Previous literature has advised to conduct studies on sexual abuse of persons with an intellectual disability in residential care.14 29 The immediate organisational responses and the intended improvement measures by healthcare organisations after the occurrence of sexual abuse are currently lacking in literature. This article reports on an analysis of incident reports regarding sexual abuse in residential settings submitted to the Dutch Health and Youth Care Inspectorate between 2017 and 2019. The aim of the study was to explore characteristics of sexual abuse between clients with an intellectual disability and between healthcare professionals and clients with an intellectual disability. A second objective was to map out the measures undertaken directly after the incident and specifically aimed at the perpetrator and the victim, as well as the improvement plans made by healthcare organisations in order to prevent sexual abuse in the future.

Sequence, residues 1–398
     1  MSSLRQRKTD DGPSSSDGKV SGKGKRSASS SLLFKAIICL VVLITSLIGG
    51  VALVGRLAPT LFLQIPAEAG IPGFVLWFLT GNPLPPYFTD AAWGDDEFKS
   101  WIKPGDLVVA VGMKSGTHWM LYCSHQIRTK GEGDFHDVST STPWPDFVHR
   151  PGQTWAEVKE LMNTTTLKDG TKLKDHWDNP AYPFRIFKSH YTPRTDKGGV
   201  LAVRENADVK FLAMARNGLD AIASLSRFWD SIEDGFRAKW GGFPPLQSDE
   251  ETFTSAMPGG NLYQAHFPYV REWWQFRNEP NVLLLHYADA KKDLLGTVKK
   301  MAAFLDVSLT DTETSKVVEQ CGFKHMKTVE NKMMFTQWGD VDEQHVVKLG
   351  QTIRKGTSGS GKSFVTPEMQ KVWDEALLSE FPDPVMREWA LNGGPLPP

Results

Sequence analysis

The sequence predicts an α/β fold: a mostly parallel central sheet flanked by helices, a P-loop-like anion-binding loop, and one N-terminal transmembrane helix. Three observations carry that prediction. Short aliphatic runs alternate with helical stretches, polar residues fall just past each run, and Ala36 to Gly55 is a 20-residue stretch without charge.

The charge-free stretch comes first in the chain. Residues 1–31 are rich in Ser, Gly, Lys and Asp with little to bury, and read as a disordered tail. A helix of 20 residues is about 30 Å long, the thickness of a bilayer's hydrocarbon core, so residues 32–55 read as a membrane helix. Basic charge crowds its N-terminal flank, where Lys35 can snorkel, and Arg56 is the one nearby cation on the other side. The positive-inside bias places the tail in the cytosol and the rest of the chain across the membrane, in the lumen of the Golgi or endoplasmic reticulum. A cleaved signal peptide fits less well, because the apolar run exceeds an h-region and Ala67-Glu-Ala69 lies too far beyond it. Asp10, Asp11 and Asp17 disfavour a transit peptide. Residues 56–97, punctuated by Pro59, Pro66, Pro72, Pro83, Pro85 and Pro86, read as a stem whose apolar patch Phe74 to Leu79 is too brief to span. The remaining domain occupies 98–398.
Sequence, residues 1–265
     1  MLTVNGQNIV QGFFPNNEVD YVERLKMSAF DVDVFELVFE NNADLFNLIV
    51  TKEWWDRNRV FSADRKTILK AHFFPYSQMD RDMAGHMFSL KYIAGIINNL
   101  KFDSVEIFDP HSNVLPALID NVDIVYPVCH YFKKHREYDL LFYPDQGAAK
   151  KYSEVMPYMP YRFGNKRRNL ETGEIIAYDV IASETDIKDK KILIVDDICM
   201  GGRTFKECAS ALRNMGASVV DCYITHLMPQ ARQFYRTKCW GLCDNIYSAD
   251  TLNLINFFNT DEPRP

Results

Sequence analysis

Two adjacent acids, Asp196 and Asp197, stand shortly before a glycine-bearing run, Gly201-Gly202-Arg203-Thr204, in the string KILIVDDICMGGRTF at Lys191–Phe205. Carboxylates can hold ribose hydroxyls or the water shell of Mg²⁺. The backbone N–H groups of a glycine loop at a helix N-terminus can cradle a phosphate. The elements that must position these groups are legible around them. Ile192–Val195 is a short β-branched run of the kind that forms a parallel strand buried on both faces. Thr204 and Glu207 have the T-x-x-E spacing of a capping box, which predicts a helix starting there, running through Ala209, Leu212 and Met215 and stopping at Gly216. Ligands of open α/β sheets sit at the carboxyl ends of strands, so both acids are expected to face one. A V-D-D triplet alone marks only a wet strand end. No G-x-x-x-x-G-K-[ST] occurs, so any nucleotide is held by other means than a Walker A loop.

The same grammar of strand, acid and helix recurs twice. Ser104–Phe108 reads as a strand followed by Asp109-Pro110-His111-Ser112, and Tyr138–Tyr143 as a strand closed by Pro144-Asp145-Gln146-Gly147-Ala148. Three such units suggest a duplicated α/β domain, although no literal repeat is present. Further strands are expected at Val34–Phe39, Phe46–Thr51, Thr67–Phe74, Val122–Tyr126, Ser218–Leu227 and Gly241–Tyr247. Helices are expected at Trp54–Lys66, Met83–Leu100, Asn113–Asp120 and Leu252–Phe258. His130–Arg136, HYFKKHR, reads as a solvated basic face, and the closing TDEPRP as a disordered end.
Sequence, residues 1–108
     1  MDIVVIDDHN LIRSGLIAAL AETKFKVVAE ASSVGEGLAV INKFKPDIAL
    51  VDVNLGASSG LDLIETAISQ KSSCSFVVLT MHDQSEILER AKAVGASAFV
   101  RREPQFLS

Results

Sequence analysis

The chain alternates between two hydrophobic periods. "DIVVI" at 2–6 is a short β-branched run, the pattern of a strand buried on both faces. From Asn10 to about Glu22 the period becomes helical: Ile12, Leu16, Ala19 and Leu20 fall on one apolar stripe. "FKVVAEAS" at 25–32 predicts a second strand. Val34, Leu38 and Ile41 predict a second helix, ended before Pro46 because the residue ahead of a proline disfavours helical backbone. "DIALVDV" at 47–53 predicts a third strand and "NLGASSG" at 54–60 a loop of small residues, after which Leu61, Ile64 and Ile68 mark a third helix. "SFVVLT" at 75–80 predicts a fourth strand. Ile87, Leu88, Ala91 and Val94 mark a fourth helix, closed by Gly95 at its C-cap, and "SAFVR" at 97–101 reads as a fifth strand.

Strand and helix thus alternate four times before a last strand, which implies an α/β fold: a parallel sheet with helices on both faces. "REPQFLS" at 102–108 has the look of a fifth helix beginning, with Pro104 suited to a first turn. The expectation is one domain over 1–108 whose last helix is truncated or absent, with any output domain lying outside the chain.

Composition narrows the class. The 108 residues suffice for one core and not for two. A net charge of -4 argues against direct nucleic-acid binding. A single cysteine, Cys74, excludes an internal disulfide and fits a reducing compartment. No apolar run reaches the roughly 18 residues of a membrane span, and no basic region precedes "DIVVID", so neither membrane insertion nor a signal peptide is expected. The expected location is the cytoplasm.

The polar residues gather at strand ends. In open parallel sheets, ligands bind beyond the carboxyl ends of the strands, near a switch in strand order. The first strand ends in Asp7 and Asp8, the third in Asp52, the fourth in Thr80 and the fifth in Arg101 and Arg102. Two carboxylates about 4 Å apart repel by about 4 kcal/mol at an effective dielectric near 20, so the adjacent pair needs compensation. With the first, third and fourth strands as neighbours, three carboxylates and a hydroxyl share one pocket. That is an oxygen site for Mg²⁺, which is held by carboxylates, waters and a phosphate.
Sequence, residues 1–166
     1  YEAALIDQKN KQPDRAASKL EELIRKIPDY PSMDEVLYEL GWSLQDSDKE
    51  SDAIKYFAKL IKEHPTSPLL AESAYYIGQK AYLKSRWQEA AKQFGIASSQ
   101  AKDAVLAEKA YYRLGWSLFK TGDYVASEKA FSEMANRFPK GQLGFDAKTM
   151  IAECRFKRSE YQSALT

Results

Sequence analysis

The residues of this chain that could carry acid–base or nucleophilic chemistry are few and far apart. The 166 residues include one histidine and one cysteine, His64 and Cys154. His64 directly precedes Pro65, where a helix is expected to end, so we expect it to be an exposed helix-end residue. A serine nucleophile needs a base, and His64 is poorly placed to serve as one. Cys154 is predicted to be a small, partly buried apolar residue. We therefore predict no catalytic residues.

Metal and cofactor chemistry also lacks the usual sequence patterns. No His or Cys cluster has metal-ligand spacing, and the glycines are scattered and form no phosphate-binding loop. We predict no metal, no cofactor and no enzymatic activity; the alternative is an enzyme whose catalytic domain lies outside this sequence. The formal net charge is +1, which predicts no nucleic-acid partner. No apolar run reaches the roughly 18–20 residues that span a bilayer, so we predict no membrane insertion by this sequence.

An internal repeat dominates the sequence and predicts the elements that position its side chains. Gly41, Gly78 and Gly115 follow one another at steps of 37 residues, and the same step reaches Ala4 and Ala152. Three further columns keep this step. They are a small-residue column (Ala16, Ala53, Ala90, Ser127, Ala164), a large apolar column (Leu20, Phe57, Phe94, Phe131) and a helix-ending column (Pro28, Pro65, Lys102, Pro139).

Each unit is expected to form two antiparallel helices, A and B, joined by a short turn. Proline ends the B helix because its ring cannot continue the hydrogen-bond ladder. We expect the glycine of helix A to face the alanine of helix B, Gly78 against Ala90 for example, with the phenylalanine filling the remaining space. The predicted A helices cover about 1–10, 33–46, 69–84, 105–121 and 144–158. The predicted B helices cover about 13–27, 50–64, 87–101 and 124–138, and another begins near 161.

Materials and methods

Setting